Microsoft has teamed up with vFunction to make it easier to convert monolithic Java applications into a set of microservices that can be deployed on the Microsoft Azure cloud.
The Microsoft Services Industry Solutions group is making available the Java Refactoring Service, through which IT teams will be able to both lift and shift Java applications to the cloud and then convert them into a set of microservices using agent software and the vFunction Application Transformation Engine, which is infused with artificial intelligence (AI), to analyze Java code.
vFunction CEO Moti Rafalin said the goal is to eliminate the heavy lifting currently required to shift Java applications into the cloud. The vFunction Application Transformation Engine is required because most of the Java applications that were easy to move to the cloud have been, Rafalin noted. The remaining Java applications, he said, have levels of dependencies that make them too complex to move to the cloud without the aid of a static byte code analysis platform capable of parsing more than 10 million lines of code and thousands of Java class libraries.
Once those applications are converted into a set of microservices, it then becomes possible to achieve a level of scale that would otherwise be beyond the reach of any on-premises IT environment, he added, noting the same vFunction platform can be used also to help organizations continuously optimize microservices applications as they continue to evolve in a cloud computing environment.
Longer-term, vFunction is also looking to add support for Microsoft.Net applications that need to be migrated to the cloud, said Rafalin. Many complex Java and Microsoft.Net applications are still running in an on-premises IT environment because organizations are encountering inertia that arises from paralysis of analysis, he noted.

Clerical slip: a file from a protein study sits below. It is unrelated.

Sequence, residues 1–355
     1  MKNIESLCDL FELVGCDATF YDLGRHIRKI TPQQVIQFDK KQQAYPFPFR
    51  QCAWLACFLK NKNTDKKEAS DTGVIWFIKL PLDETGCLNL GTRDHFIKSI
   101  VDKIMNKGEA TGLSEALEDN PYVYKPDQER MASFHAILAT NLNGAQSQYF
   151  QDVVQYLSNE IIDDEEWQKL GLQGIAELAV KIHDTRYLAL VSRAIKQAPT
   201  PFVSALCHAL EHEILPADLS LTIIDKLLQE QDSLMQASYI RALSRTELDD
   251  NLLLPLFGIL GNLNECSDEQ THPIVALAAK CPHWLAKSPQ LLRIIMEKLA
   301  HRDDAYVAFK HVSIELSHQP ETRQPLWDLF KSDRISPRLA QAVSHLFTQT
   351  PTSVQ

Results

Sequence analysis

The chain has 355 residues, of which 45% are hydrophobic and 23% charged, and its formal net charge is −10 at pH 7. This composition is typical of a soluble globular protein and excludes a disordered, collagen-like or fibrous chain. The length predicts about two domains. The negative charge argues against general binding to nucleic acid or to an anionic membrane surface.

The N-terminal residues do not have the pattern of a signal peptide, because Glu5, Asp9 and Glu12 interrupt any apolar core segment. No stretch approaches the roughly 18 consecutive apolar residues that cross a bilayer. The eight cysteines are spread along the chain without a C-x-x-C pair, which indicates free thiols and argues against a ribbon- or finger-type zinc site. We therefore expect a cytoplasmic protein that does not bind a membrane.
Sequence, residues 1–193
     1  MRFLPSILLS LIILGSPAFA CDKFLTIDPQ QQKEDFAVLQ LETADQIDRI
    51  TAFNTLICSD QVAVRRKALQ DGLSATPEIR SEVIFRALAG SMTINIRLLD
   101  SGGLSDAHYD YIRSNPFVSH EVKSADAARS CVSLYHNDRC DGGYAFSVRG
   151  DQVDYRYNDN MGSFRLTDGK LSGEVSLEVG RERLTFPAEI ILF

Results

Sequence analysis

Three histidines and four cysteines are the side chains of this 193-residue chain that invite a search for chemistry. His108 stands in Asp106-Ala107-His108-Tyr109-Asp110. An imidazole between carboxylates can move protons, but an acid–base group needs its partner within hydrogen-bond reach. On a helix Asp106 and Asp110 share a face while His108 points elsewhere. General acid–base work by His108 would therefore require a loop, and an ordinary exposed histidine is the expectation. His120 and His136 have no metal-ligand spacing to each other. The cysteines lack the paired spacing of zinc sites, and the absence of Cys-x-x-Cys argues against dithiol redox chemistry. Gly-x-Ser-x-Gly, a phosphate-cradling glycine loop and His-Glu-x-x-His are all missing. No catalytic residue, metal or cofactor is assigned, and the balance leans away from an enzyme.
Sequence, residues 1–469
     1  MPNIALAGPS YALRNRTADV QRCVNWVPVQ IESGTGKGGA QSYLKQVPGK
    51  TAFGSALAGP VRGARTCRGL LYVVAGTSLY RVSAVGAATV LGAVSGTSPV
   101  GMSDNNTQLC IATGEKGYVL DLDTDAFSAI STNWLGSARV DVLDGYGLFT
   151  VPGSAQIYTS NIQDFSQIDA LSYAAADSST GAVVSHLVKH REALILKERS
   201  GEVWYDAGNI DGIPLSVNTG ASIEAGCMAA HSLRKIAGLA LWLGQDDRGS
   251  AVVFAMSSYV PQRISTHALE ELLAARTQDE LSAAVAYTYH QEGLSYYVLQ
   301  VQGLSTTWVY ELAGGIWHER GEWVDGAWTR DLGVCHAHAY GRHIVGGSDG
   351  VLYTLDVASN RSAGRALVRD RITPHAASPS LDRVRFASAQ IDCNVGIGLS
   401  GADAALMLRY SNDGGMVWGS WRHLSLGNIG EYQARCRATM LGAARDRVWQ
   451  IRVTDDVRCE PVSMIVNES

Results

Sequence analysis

In general, Microsoft continues to gain momentum in its battle for cloud supremacy against Amazon Web Services (AWS). It’s not clear at what rate Java applications are being shifted to the cloud. However, most monolithic applications have components that would be easier to maintain and support as a distinct microservice. In general, organizations are embracing microservices to build applications that are more resilient. In the event a microservice becomes unavailable, requests for services are rerouted to another microservice to make sure the application degrades gracefully, rather than simply crashing altogether. The challenge, of course, is that over time the dependencies that can exist between hundreds of microservices can be more challenging to manage than those of the monolithic application being replaced.
It’s not likely that microservices-based applications with entire replace monolithic applications anytime soon, but the bulk of new applications are being built on top of a microservices-based framework. As such, many DevOps teams are now managing a broad mix of monolithic and microservices-based applications across an increasingly complex IT environment. Less clear is to what degree teams will be able to leverage existing DevOps tools and platforms to build and deploy both types of applications at the scale enterprise IT organizations require.